I have always loved the fact that meteorologists do so much guessing with imperfect information in their forecasting, yet the public always yells and screams when some of that imperfect information ends up changing the course of the weather. It isn’t much different than investing, investors are making decisions with imperfect information and some do better than others at it.
My conclusion is…
As capital flows to the seed stage, the pool of investors are collectively asking for less risk. All the while assuming they’ll be able to get the same returns. If you’re trying to be the earliest investor in the next Facebook because the earliest investors made a handsome return, but you’re not taking the same risks as the earliest investors of Facebook, will you have the same returns (Do you deserve the same returns)?
Don’t believe me?
Like meteorologists, the natural inclination of investors is to add more information to the decision making process.This makes the decisions more likely to be accurate and is exactly what we’re seeing unfold in the startup investment space. Jason Calcanis talks about the changing definition of a seed round. Reading this post really pulled it all together for me, it simplified all the other posts that have been circling the internet about the changing nature of who is investing in which rounds and what information they need to make an investment decision at that round.
Jason is talking about the fact that seed round investments are rapidly taking on a new shape, investors are asking for entrepreneurs to reduce more risk before taking an investment. They are asking for more information that indicates the business will be a success and they are asking for it at an earlier stage than they used to in the past.
Pair that nugget of insight with the insights offered by Fred Wilson and USV’s increase in seed stage investments. CB Insights talks about this in a little more depth and illustrates the shift in capital going to micro-VCs who are all talking about their focus on the seed stage. CB Insights offers that there are 138 active seed stage venture investors which is a 105 firm increase from 2010. Many of these are established firms like USV, yet some are smaller or younger firms. This increase in the number of firms and independent angel investors trying to invest at the seed stage doesn’t necessarily mean that more deals are getting done. Mattermark offers that the number of seed deals actually declined a bit in Q4 of 2014.
How are these things related?
I’ll offer an explanation that accounts for all three of these, change in requirements for a seed stage deal, increase in number of investors wanting to do seed stage deals, and the high variability or decline in seed stage deals.
If you think carefully about the people behind the investments… no not the partners at the venture firms. Think about the analysts and limited partners. They’re contributing a lot to the puzzle and understanding their perspective is an important part of understanding the whole picture. The limited partner is allocating a small percentage of their portfolio to investing in startups and they want astronomical returns for taking such high risks. The media is covering those astronomical returns, nearly everyday in the media there is another story about unicorns (today’s is about Groupon and is brought to you by Dan Primack). As these LPs push for returns, investment teams start to plan how they can get into deals earlier and have a seat at the table for the next unicorn. Jason does some napkin math and estimates any investor has a .04% chance of investing in a unicorn so you can see why VCs are so interested in getting in the game earlier.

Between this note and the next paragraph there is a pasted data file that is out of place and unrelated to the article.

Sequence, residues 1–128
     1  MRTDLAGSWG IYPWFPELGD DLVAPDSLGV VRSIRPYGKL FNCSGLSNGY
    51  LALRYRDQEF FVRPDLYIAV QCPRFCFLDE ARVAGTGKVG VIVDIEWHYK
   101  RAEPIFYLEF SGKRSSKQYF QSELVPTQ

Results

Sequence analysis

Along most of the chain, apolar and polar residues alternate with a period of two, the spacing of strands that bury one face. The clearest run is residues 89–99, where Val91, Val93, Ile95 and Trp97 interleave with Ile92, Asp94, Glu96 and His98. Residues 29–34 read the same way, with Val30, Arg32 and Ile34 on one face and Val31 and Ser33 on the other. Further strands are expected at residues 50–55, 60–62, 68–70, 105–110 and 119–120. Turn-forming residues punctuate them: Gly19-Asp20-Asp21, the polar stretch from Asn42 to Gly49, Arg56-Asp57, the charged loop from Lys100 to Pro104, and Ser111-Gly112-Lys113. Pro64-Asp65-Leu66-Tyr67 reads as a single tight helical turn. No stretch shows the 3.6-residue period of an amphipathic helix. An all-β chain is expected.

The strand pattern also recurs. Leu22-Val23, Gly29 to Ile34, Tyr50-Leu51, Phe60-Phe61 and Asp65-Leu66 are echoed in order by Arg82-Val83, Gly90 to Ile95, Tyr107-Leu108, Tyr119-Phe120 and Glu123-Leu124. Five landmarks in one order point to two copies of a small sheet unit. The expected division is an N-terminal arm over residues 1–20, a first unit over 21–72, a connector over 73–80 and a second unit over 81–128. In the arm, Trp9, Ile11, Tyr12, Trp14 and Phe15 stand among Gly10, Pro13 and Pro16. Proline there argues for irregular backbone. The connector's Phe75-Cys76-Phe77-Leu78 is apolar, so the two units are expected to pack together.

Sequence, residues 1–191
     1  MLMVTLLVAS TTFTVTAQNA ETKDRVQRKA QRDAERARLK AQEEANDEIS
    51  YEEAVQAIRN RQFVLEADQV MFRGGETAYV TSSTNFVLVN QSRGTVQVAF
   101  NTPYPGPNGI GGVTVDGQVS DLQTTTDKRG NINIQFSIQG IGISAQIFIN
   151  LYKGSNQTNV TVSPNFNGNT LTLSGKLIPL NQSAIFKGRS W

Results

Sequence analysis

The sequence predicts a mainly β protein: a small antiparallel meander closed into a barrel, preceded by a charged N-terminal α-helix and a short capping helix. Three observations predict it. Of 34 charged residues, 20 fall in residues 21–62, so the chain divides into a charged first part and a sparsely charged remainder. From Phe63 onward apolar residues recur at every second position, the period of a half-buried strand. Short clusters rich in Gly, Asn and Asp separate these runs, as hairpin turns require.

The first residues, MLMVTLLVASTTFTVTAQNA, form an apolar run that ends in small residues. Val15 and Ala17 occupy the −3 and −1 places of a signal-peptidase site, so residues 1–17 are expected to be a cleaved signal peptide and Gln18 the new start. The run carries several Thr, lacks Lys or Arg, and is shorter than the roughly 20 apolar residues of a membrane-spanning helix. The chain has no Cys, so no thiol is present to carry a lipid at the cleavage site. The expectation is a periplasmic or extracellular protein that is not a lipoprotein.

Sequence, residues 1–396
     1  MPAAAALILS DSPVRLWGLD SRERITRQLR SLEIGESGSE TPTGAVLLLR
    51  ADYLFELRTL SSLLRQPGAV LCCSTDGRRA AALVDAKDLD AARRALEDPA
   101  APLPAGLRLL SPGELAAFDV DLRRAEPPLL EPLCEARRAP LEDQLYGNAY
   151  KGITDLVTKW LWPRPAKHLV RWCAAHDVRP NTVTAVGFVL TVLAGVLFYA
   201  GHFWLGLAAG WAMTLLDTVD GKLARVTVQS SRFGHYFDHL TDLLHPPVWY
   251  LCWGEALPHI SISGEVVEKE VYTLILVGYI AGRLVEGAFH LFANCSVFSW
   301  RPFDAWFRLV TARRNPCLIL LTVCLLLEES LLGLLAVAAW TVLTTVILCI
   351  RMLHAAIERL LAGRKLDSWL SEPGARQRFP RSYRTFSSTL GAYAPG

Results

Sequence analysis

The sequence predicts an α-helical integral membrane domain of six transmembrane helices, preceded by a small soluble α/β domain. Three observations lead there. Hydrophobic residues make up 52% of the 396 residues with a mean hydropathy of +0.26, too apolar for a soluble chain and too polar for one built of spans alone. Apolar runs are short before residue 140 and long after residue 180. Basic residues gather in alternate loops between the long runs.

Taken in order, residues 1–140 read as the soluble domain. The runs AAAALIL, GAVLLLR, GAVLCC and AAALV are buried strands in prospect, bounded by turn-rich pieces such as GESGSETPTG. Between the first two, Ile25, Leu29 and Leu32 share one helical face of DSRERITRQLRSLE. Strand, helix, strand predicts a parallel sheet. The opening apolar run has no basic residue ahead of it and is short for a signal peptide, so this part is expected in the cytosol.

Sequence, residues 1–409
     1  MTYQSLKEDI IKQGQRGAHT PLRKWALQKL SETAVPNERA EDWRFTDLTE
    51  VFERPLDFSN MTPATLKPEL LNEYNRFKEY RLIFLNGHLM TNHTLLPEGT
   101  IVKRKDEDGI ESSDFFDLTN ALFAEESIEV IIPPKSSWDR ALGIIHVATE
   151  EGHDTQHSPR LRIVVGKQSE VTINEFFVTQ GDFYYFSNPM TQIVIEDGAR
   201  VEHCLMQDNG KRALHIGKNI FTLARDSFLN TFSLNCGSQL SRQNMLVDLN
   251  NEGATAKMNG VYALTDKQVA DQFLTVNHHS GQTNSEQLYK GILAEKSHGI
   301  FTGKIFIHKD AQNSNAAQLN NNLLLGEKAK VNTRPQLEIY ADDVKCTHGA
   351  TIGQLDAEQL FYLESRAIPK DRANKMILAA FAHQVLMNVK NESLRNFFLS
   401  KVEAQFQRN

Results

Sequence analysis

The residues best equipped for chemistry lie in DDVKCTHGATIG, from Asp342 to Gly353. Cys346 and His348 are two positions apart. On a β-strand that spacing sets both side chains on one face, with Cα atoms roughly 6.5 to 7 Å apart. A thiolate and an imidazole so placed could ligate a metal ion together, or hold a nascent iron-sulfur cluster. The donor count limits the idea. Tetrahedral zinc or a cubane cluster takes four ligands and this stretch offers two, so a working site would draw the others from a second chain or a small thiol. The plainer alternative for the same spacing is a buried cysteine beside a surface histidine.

That explains why there is more investors interested in seed stage investments, why the capital is increasing at that level. Why the change in requirements? It is simply a factor of who is investing. As larger firms attempt to invest in the earliest of stages, good analysts at all those firms attempt to fit the seed investments into their fund models and they need more information. They aren’t confident in their guesses with the imperfect information usually offered at the seed stage and are asking entrepreneurs to take some of the risk off the table… while asking for returns that five years ago would only be possible if the risk was still on the table. The seed investors in businesses like WhatsApp, Facebook, and Uber all took more risk for their potential return than the seed stage investors of today are willing to accept. The economics of the firms and the fiduciary responsibility to limited partners is driving a change in behavior by these funds.Semil Shah talks about some of the other challenges facing MicroVCs that are forcing this behavior.
This is all fine and good so long as the entrepreneurs aren’t offering the same returns for less risk. We see that many entrepreneurs are taking some of those returns off the table by the increase in pre-money valuations and the increase in valuation caps. These increases (if everything goes well for the company) are shifting some of the returns back to the entrepreneurs. If things don’t go as planned (do they ever in a startup?), those higher valuations can hurt entrepreneurs though so they are in a way taking some risk back from investors in exchange for offering investors a slightly lower return.
For those companies unable or unwilling to take some of that risk off the table, they are stuck searching for one of those old school investors who is still willing to take on the risks that investors ten years ago thought was the norm. This behavior accounts for the new variability in the number of deals occurring.
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